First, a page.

Wednesday, January 12, 2011

New and Improved Coat

Whew!  Well, as most things do, that took a little longer than I had planned.  Thankfully, I saw the client and had a chance to show her the work in progress & get a go-ahead on machine stitching the hem of the coat, which saved some time anyway.  She was pleased and I can't wait for her to see the final product!

To continue where I left off:
The next stage of the process was adding new button holes & sewing the buttons back on in a place that made much more sense!

Marking positions for the new buttonhole

I decided to use the automatic buttonholer that came with my machine.  It's a Viking Husqvarna Designer SE, which I dearly love but the guys at the store keep trying to convince me to trade up to the Husqvarna Diamond, which would give me more room to work and a much larger embroidery area.  Since it's about the same as buying another small car, I've been putting it off!  Part of the reason for starting this blog is so I can work through just about everything this baby can do - as well as meeting self-imposed "deadlines" - I tend to procrastinate but if you're reading, it'll keep me accountable!

The electronic auto-button hole foot - an awesome innovation, if you ask me!
It came with a bit of a learning curve.  (Note to self:  pay more attention to the onboard Sewing Advisor.  It really is smarter than you.  For instance, when sewing a buttonhole in the wrong size, it would have been easier to pick the stitches out if you hadn't left the machine set up to sew extremely lightweight material!  Too many stitches packed into an itty-bitty living space!)

After about an hour of picking out stitches (ugh!), I set the machine up for the proper weight of material, the right size buttonhole (which for some reason were about 1.5cm longer than the cut hole on the original buttonholes), and tried it again.  Success!  Now to cut the actual hole:  if you don't have one of these cutting notions & you sew, you need to get one.  Mine is an old one my mother gave me as a gift years ago and came with a wooden block to cut against.  The newer ones have a miniature cutting mat and are widely available at fabric stores.  It will give you a really accurate cut - no danger of accidentally snipping side stitches or ending up with a ragged hole!  People wonder sometimes what you do if the buttonhole is smaller than the blade.  I was taught to put the end of the buttonhole to be cut on the edge of the block, letting the rest of the buttonhole hang over the edge.  Using just the corner of the blade, cut up to (but not including!) the tack stitches.  Flip the garment or the block so the cut end of the buttonhole is now hanging off the edge of the block, and cut the other side of the hole using the corner of the blade.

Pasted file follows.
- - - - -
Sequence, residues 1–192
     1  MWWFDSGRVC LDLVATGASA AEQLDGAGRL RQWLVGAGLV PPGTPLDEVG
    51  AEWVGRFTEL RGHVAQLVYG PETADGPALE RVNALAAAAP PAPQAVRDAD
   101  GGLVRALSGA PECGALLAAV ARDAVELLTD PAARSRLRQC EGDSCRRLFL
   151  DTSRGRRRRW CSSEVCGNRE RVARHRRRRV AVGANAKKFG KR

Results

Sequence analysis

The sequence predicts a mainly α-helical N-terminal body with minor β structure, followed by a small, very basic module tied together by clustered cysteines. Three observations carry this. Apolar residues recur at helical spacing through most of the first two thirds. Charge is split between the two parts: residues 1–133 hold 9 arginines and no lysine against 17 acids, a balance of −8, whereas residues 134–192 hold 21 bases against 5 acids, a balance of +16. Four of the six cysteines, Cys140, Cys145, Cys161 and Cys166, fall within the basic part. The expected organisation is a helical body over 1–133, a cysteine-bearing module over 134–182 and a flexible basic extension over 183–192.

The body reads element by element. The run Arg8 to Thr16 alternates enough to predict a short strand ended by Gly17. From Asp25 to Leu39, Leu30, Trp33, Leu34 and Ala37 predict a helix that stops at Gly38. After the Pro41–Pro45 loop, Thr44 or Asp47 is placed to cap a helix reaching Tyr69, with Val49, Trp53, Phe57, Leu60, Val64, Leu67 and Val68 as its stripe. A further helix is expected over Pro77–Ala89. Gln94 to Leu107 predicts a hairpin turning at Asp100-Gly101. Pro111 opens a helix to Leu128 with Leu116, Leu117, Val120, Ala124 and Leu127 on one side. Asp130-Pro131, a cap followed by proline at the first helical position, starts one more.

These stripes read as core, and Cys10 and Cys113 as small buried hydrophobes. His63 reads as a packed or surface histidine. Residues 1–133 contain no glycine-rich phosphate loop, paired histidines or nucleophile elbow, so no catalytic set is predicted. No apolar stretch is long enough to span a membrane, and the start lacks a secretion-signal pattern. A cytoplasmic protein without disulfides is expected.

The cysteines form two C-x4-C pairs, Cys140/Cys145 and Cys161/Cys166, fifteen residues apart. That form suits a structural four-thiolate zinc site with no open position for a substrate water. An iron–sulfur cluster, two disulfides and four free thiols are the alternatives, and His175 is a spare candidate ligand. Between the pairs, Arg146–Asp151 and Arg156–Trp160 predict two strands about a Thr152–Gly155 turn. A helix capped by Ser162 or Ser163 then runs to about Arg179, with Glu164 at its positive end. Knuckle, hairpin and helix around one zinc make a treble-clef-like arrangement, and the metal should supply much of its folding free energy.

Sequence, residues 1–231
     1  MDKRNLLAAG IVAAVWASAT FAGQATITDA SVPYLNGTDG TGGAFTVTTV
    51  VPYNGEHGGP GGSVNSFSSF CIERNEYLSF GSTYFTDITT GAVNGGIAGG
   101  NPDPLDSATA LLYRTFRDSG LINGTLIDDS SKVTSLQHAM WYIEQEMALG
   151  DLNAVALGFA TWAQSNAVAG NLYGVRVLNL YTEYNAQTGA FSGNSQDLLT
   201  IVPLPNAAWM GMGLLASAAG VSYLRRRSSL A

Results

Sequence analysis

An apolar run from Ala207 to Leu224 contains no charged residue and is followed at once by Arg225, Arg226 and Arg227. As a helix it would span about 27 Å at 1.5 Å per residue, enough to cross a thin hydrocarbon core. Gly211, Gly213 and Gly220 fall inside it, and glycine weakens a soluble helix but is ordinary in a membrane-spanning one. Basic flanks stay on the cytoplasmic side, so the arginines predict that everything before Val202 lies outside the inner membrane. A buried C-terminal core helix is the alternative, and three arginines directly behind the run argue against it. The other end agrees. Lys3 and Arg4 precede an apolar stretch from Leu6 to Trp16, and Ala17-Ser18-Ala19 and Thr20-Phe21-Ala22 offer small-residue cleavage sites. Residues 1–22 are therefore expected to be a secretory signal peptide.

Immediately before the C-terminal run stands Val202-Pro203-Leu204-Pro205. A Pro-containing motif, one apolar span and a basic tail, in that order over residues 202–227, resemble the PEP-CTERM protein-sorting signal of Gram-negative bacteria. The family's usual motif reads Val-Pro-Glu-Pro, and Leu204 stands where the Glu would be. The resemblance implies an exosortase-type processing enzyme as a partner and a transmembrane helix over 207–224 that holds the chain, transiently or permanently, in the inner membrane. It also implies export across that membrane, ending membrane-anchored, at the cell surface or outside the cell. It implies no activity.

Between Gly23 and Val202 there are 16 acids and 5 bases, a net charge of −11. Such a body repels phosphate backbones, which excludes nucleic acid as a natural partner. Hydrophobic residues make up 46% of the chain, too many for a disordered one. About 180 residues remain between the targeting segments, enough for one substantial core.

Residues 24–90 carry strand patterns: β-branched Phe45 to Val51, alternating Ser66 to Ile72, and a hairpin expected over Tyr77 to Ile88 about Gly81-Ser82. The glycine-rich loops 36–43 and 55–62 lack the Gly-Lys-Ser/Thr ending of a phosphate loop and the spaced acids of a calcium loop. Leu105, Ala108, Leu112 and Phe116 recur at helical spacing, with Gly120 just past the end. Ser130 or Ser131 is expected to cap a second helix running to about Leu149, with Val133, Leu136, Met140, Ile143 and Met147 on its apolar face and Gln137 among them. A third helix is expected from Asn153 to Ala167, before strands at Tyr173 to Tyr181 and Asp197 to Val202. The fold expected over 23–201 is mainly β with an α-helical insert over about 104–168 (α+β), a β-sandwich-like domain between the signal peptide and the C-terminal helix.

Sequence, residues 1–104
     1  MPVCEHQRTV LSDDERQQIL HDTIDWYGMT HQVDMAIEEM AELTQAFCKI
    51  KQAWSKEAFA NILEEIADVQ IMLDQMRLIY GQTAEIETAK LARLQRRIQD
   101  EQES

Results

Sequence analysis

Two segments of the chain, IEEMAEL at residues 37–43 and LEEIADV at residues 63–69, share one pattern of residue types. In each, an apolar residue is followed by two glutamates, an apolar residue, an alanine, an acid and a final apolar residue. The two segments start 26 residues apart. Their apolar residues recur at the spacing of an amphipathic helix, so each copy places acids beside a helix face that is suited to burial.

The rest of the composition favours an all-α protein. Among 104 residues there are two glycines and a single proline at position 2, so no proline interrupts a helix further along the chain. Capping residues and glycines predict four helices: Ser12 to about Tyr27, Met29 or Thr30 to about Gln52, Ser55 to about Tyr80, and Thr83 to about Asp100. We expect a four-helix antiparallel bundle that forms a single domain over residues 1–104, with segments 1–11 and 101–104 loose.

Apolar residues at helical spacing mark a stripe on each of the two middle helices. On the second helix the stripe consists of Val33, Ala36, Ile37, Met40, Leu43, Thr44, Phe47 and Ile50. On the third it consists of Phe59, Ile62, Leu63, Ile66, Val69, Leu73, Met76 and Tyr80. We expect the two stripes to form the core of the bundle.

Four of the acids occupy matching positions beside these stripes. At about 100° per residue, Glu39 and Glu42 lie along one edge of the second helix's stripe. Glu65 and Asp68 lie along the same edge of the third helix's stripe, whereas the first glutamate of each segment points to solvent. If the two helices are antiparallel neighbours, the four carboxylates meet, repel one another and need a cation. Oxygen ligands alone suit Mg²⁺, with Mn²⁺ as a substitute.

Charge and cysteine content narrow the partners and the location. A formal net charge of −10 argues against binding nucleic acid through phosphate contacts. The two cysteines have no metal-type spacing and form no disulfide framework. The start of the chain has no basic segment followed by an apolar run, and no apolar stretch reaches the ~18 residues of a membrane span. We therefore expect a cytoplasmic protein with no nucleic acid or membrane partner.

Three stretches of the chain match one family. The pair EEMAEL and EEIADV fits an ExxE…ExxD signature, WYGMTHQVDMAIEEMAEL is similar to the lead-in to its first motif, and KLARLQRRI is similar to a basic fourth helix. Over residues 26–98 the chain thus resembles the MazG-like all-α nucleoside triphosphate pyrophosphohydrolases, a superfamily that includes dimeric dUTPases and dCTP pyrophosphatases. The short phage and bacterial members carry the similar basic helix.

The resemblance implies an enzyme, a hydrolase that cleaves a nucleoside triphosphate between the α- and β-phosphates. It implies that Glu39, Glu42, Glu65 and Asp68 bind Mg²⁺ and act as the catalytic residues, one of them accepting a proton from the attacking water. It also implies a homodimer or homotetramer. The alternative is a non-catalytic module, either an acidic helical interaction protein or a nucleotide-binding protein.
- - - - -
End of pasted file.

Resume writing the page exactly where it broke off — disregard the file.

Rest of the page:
That wood you see is my desk, not the block! It's so small the coat hides it - but I don't recommend cutting without it - this blade is pretty sharp!

Next it was time to add the two buttons back to the top of the coat.

Looks like I'm sewing my fingers into the project, LOL!
After approval by the client, I machine hemmed the coat instead of hand hemming it like it originally was.  If you attempt a project like this, make sure that when you sew, you keep the lining out of the way while  stitching - you don't want it to be attached at the bottom of the coat or it will hang strangely while wearing it.  The bottom of the lining needs to swing freely, tacked in just a couple of strategic places.  When I cut the excess fabric off the bottom of the coat & lining, I had opened up the seam between the lining & the coat about 5 to 6 inches higher than the new hem, to give me enough room to sew.

Forgot to move the Ott Light out of the way of the camera - whoops!
After that, I stitched the lining in the same fashion, being careful to keep the outer coat out of the way of the stitching.  

The hem on the lining is double-folded, to give it some weight.  

Giving the hem of the lining a press - I should have done this before sewing it to keep it even.  Be aware of your fabric content - you don't want to set your iron too high and melt it by accident!
Afterwards, all that was left was hand-stitching the lining to the coat along the edges, hand-stitching the shoulder areas closed again, and neatening up whatever straggling threads there may be.  And there it is - a "new" coat!

 Tell me what you think!

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